Heparin can be given when a patient is at risk of developing a blood clot.
Toomey & tmark; syringe is used to irrigate and evacuate during medical procedures. The basic syringe has a blunt tip that can be fitted with a cap or used as is. This design can also be useful for activities like tube feeding, where it can be clipped onto the tube to provide a nutritional bolus. Medical supply companies manufacture a variety of sizes with interchangeable tips for different applications and are available over the counter in many regions.
Emergency rooms often use Toomey syringes to clean wounds before closing them.
Some designs include a loop on the plunger to allow a medical provider to use it with one hand, which can free up the other hand for other tasks. Others have features like a clip that will lock the syringe once the plunger is pulled back to maintain suction. This can be important when someone is evacuating or aspirating a site and does not want to inadvertently lose suction and force liquid out of the syringe.
The Toomey syringe is often used to irrigate dirt and debris from minor wounds.
For irrigation, Toomey & tmark; the syringe can be filled with water, saline or other materials and used to gently clean the site. Doctors can control the amount of fluid and pressure with the plunger to clean wounds, removing dirt, debris and other unwanted components. Emergency rooms and operating rooms often rely on this equipment to clean wounds before closing them. Patients caring for wounds at home can also be taught to use a Toomey & tmark; syringe for some applications.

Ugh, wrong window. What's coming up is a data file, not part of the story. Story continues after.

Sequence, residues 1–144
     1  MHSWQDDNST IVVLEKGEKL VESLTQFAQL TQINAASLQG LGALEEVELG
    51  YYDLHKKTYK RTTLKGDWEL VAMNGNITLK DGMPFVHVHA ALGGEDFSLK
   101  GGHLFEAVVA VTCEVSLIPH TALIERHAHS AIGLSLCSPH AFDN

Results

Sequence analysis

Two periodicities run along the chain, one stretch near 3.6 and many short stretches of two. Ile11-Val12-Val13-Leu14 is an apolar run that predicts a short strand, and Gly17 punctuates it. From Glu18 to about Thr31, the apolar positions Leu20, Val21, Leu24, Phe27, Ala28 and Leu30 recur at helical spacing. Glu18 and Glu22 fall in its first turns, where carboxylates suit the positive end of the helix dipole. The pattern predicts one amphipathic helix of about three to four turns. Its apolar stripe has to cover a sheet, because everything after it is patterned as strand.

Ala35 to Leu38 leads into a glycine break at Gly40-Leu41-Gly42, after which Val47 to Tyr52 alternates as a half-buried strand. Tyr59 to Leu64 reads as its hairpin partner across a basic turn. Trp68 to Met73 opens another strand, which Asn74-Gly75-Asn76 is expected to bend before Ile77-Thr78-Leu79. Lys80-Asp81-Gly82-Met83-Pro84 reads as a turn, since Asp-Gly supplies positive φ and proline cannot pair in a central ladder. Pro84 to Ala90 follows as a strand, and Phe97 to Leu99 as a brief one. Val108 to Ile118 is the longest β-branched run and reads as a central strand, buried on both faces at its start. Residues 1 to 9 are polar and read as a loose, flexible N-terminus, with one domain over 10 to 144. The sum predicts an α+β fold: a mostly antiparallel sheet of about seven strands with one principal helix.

Toomey syringes are commonly found in operating rooms.
By changing the syringe tip, a variety of tasks can be accomplished. Some can be equipped with tips to lock onto catheters and other syringes, for example. Others may be attached to trocars, short tubes with sharp edges designed for insertion into the body, for procedures such as liposuction. Toomey & tmark; The syringe can be used to carefully control the amount of material removed from the site, with a lock to hold the contents in the syringe.
Cancer patients can have their chemotherapy catheters flushed with a Toomey syringe.
In tube feeding, patients or healthcare professionals can open the tube cap and place a Toomey & tmark; syringe filled with a nutritional mixture. By gently pressing the plunger, they force the mixture into the tube. Syringes can also be used to irrigate tubes and catheters with saline or heparin to prevent clotting and keep them clean.
These medical products are usually sold in bulk, although they may come individually packaged to facilitate sterilization for use in environments such as the operating room. Patients who need Toomey & tmark; syringes for tube feeding, home wound care and similar activities may receive an initial supply from your doctors. If they need to use them for an extended period of time, they may need to be purchased from a pharmacy or medical supply supplier.